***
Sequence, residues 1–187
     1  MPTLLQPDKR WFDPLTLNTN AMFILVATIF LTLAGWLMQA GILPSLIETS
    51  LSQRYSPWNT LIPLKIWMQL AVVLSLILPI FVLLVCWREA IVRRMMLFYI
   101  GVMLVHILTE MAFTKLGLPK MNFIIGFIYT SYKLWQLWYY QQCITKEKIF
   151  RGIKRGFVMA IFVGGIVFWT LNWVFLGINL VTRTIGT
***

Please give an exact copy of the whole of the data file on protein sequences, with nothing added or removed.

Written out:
Sequence, residues 1–187
     1  MPTLLQPDKR WFDPLTLNTN AMFILVATIF LTLAGWLMQA GILPSLIETS
    51  LSQRYSPWNT LIPLKIWMQL AVVLSLILPI FVLLVCWREA IVRRMMLFYI
   101  GVMLVHILTE MAFTKLGLPK MNFIIGFIYT SYKLWQLWYY QQCITKEKIF
   151  RGIKRGFVMA IFVGGIVFWT LNWVFLGINL VTRTIGT